Rodrigues starts off this latest album with an old thrash axiom, when in doubt fill it with more notes. This principle makes “God Says Hate” absolutely beat the listener bloody with cleanly audible and palpable drumming that serves as a barbarous compliment to the quintessentially thrashing guitars. Ripping and tearing from riffing to speedy transitions and drowning the distortion in snapping wrists of quick picks, the notation of “South American Prison” and “Below Salt” truly lend credence to the band's name.

'Trail of Blood' can be summed up in its very crunchy riffs, like chewing a salad of sea glass. As is common in this more thrash influenced classic death metal approach, basic beating gives way to long drawn out groovy riffing without sacrificing the vengeful intensity of the instruments. Solos are used sparingly through the opening half of this album. Rodrigues instead chooses to thicken the atmosphere with lots of sawing guitars that chug and shake to the thrash standard while embracing the brutal atonality in the death metal standard. This comes across well when “Trial by Combat” opens an untouched vein with a traditional guitar before a shrill sound like one of the many screaming goats gracing YouTube. The song then falls into the slow and savage waltz that ends up flowing through to its follow-up, “Burn Everyone”, where small elaborations on higher-pitched tones help to claw out of the maw. These songs show how cohesive and consistent Crushing Axes is throughout this album with a smooth flow and great pacing. At the same time, the majority of this release can get a bit too consistent to really step into greatness as 'Trail of Blood' runs at too steady a step. The album effortlessly flows, but rarely deviates from its prescribed pace.

The three big stand-outs on this album feature guest vocalists and a fierce energy. First comes “In the Path of Death” which features Jairo, whose growling vocals compliment the more Morbid Angel style of this song with drawn out and regurgitating harsh yells that are not too far from those of Rodrigues in the majority of the release. The title track's guest, Glauber, brings a vocal of faster thrashy yelling, some distancing and echoing effects, and sounds straight out of a metalcore band, especially in comparison to Luiz in “Commotio Cordis”. These songs easily stand out on paper and more so when compared to the very basic ending of this album. Through the energy of “In the Path of Death”, the unusual distortion in the solo in “Trail of Blood”, and the commotion of “Commotio Cordis”, there is a good flavor of fresh personalities in these three songs that help the flow of this album and get the music to take a step out of its single-minded confines. The deviation from form works very well to personalize each song and serve as a tight knot to tie together an album which, for the most part, hangs as a straight and unbroken rope.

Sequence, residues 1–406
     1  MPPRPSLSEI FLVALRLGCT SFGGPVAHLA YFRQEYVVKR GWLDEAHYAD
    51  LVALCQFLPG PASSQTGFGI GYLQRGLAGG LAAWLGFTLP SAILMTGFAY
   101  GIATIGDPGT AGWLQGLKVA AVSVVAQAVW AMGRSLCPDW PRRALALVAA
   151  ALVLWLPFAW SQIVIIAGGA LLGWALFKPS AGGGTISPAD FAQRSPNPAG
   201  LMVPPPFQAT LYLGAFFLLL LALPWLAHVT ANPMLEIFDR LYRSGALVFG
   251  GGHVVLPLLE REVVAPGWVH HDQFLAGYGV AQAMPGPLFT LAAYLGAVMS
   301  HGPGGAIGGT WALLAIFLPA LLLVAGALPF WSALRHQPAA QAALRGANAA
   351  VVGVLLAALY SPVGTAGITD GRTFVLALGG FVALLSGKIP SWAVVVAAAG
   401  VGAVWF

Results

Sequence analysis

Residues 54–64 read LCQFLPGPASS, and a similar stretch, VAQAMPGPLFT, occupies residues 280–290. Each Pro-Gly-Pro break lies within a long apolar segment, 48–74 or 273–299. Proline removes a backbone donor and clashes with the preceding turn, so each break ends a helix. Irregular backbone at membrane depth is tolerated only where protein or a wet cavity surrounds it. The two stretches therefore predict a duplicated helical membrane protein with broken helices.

'Trail of Blood' is a solid album from a clearly experienced and dedicated musician. However, this album suffers from a common complacency found in many bedroom bands and may be the result of Rodrigues demanding too much of himself. Through fifteen releases in less than a decade, Crushing Axes' mastermind shows himself as a tenacious and talented trooper who stands firm without getting discouraged. Still, with simplicity as a stylistic choice, this album does get flat, as in the deliveries of “Deathcult” and “The Spoilers of War”. Though the cradle rocks well enough, the plain path of this all-too-clean production breaks from the bassier proclivities desired in down and dirty death metal. Rodrigues has a great handle on his instruments but he seems to be picking at an ever emptying pit. Though he may not have found his biggest nugget of gold yet, Alexandre Rodrigues is undeterred. Yet he might shine best in continued collaboration where he can show his strengths while tapping further veins of potential through uniting talents. (Five_Nails)

Dusius - Memory of a Man

#FOR FANS OF: Viking/Folk, Ensiferum